President Abdel Fattah Al-Sisi issued a decree Tuesday approving the “terrorist entities” law, detailing offences necessary for a group or organisation to be labelled a “terrorist entity”, as published in the state newspaper Egyptian Gazette.
Egypt’s State Council approved the draft law on “terrorist entities” in December, which would allow for the dissolution of these entities and ending their activities. The draft law was also approved by the cabinet in November.
The draft must be considered by the president as per Article 156 of the constitution in order to come into effect. The article stipulates the president has the power to issue laws by decree “that have the force of law”. These decrees must be “discussed and approved” by the House of Representatives “within 15 days from the date the new House convenes”.
The upcoming parliamentary election is scheduled to take place in March.
The law consists of 10 articles. Article 1 defines a terrorist entity as any group “practicing or intending to advocate by any means to disturb public order or endanger the safety of the community and its interests or risk its security or harm national unity”.
The law tasks the prosecution with creating a list with the names of terrorist entities and a list with the names of people in or associated with terrorist entities. This includes the names of the leaders, founders, members or participants of the group and can also extend to people who provide “information or support in any way” the listed group.
According to the law, one or more of the districts of the Cairo Appeals Court must consider the names of the enlisted entities or individuals within seven days of the initial request.
According to Article 4 of the new law, names mentioned on either list should not remain for a period of more than three years. Decisions to uphold, remove or extend the duration of any of the names enlisted are to be published in the Egyptian Gazette as per Article 5.
Groups and individuals can appeal their listing through the Court of Cassation within 60 days of being listed.
Articles 7 and 8 of the law stipulate the effects of being enlisted by the force of law on the aforementioned lists. “Terrorist entities” would be banned, their assets and properties seized and their funds or the funds of their members frozen. With regards to the “terrorists”, they would be banned from travel, their passports withdrawn or “cancelled” and they are prevented from issuing a new one, and their funds are frozen.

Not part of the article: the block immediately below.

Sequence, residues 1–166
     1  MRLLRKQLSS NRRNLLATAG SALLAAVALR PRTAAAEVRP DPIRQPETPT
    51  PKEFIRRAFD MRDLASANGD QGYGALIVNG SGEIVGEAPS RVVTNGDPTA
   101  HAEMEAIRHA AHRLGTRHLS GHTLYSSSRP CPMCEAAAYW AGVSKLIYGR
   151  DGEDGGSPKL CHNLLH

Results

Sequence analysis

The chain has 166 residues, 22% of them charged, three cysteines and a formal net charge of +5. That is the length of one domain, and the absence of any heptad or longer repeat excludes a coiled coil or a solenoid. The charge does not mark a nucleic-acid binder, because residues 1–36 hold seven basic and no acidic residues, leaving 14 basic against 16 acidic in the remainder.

The Cairo Institute for Human Rights Studies (CIHRS) had earlier called upon President Al-Sisi to reconsider approving the draft law. The Institute considered it “a violation of the constitution, the Supreme Court’s authority, as well as a contradiction to the international treaties Egypt has signed”, according to its report.
The report, issued on 3 December, raised doubts that the Egyptian government would use the law exclusively in support of the country’s efforts to counter armed militant groups. Although it acknowledged the significance of “the disastrous effect of terrorist attacks in Sinai and other cities”, the report also stated that the “government is using the war against terrorism to silence opposition calls”.
According to lawyer Negad El-Boraie, the new law does not properly define the crime of terrorism, even though it provides detailed definitions of the “terrorist entity” and the “terrorist”.
“In my opinion, the problem lies mainly in the judicial institution and not the legislative institution,” El-Boraie said, “and now the law has become effective, so we have to wait and see how they are going to implement it.”
Article 86 of the Egyptian Penal Code stipulates that terrorism “shall include all use of force, violence, threatening, or frightening, which a felon resorts to in execution of an individual or collective criminal scheme, with the aim of disturbing public order, or exposing the safety and security of society to danger”.
There are currently several pending cases which were filed against various opposition groups in order to designate them as “terrorist entities”.
In February 2014, the Cairo Court for Urgent Matters issued an order declaring the Muslim Brotherhood a banned terrorist organisation. As a consequence, since then a number of students, journalists and protesters have been detained with the charge of belonging to the Muslim Brotherhood “terrorist” group.